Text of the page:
Digi-Data Takes Aim at High-End Storage

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Digi-Data Corp. hopes to make a splash in the enterprise-class storage market with RAID products that the company says offer performance and scalability for less.

The Columbia, Md.-based company is moving from an OEM model to selling its products through value-added resellers (VARs), in the process taking on big names like IBM , HP , and EMC . The 44-year-old firm has one advantage over start-ups
entering a new space: customers aren’t likely to have to worry about the company’s staying power.

Digi-Data shipped 50,000 tape storage systems from the early 1960s until 1992, when it shifted its focus to RAID storage with its first SCSI RAID controller. To date, the company has shipped more than 5,000 RAID controllers to customers such as Disney, ABC, and FermiLabs.

The company is now shipping its latest STORM enterprise-class RAID storage systems and controllers, which CEO Bill Tomeo says have been in development
for 2 1/2 years.

Digi-Data F8 Turbo RAID Controller

Digi-Data F8 Turbo
RAID Controller

The new products include the F8 Turbo RAID Controller, the backbone for all the company’s STORM systems. It includes eight fully independent Fibre Channels, eliminating the need for a fabric switch in many instances. It supports up to 2GB of cache and includes a new XOR processor, yielding up to
a 50% increase in sequential file performance. A redundant pair of F8 Turbo controllers delivers connectivity, scalability, and performance with 16
independent Fibre Channels, according to the company.

STORM Xtreme offers what Digi-Data claims is the only true “no single point of failure” (NSPF) solution, with scalability up to 120TB in the Fibre Channel
configuration and 200TB in the Serial ATA (SATA) version. A new multi-port Serial ATA Disk Enclosure Module lets the system support Digi-Data’s NSPF architecture with cost-effective SATA storage. Both Fibre Channel and SATA disk enclosures are supported in a single system.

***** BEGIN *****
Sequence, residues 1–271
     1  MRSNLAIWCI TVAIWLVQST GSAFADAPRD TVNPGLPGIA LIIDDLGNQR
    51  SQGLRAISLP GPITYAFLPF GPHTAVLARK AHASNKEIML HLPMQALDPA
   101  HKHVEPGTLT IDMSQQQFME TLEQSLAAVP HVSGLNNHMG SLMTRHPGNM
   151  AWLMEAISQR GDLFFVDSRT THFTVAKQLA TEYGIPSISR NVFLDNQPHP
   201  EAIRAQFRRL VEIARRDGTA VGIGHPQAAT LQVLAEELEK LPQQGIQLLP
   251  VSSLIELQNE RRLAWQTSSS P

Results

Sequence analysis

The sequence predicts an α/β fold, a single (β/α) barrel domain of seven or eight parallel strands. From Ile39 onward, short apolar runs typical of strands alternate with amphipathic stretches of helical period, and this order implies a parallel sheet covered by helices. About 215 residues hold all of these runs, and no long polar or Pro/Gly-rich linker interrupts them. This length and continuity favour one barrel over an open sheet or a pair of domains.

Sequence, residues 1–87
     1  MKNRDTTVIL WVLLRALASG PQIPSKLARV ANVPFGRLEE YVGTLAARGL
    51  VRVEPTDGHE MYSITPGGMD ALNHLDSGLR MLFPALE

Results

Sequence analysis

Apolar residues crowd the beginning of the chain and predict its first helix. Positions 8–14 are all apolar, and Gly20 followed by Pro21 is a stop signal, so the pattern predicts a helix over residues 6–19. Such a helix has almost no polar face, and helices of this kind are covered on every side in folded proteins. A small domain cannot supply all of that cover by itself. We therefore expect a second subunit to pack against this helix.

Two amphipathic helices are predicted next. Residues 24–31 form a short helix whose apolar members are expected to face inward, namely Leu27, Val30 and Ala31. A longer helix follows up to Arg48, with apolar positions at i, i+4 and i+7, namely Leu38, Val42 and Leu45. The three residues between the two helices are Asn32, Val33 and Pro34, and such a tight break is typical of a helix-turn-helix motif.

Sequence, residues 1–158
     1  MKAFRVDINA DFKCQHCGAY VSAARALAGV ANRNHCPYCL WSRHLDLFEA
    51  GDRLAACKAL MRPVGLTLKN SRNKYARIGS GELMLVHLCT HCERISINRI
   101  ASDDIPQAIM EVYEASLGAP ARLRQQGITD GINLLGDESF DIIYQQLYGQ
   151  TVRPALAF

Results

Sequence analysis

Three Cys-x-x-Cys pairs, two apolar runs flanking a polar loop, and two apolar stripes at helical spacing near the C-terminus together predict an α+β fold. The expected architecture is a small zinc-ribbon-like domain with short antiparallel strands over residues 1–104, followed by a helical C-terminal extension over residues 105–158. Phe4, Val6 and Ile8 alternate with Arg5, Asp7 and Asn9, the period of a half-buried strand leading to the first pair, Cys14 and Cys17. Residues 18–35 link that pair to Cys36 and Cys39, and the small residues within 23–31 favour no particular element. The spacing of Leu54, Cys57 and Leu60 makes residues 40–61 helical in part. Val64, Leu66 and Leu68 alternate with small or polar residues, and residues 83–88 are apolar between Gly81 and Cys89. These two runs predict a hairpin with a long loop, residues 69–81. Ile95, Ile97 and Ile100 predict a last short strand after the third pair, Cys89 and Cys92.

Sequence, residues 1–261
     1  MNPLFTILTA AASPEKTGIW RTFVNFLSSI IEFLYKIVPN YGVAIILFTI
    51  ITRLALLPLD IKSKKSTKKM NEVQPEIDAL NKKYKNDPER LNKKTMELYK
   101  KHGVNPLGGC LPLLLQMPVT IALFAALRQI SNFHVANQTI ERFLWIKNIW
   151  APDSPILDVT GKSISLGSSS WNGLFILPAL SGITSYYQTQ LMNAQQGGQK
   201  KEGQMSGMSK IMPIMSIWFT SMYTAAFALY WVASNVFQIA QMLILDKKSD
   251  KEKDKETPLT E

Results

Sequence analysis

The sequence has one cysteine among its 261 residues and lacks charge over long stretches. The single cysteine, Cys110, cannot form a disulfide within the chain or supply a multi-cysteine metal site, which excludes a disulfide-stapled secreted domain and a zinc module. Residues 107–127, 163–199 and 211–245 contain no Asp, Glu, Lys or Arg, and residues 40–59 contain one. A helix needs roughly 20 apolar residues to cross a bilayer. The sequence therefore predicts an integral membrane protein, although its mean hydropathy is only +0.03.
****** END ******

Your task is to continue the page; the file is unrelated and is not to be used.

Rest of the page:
Digi-Data bills the STORM Xata, another new product, as an “economical, high-capacity storage system for cost-sensitive, near-line applications,” and the STORM Xact as a single controller, Fibre Channel-based RAID system designed for workgroups and small and medium-sized businesses (SMBs).

STORM XapShot is an F8 Turbo RAID controller-based data replication facility designed for applications such as data mining, video editing, applications
testing, data migration, and block level backup. Any of the 2,048 LUNs on a STORM system can be scheduled for replication, supporting the ability to migrate existing data for more effective use of system capacity, translate existing data stored at one RAID level to another RAID level, or create a
temporary working copy of data.

Digi-Data has also developed interoperability with Texas Memory Systems’ high-performance SanRam-330 solid-state disk. With SanRam configured as a high-speed cache for STORM systems, the combined system can support requirements ranging from cache-intensive OLTP applications to bandwidth-intensive video delivery/acquisition applications, according to the company.

Tomeo says the Digi-Data’s new solutions compete with enterprise-class offerings like the HDS’ Thunder 9580V, EMC’s CLARiiON CX700, and IBM’s FAStT 900, offering greater scalability at lower cost. Digi-Data’s systems are also easy to install and manage, he adds.

“We decided we were going to prove what a low TCO system is all about,” Tomeo says.

Greg Schulz, senior analyst at the Evaluator Group, thinks Digi-Data is onto something.

“Digi-Data has a very capable and scalable storage solution for the mid to upper end of the mid-range,” Schulz says. “They are providing flexibility, scalability, and performance that is associated with the upper end of the mid-range market for storage subsystems.”

“Digi-Data is part of a growing movement in the storage and storage networking marketplace to simplify and make storage installation easier and faster,” Schulz continues. “Storage and storage networks have to become easier to install and manage, including removing complexity. Wherever there is complexity, you have hidden costs.”

“Customers, in addition to asking vendors about mean time between failures (MTBF) and mean time to repair (MTTR), should ask about mean time to install (MTTI),” says Schulz. “How simple, how quickly can the solution be installed, integrated, and part of a user’s environment?”

In that respect, Tomeo says Digi-Data excels, with a mean time to install of less than two hours.

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Paul Shread
Paul Shread
eSecurity Editor Paul Shread has covered nearly every aspect of enterprise technology in his 20+ years in IT journalism, including an award-winning series on software-defined data centers. He wrote a column on small business technology for Time.com, and covered financial markets for 10 years, from the dot-com boom and bust to the 2007-2009 financial crisis. He holds a market analyst certification.

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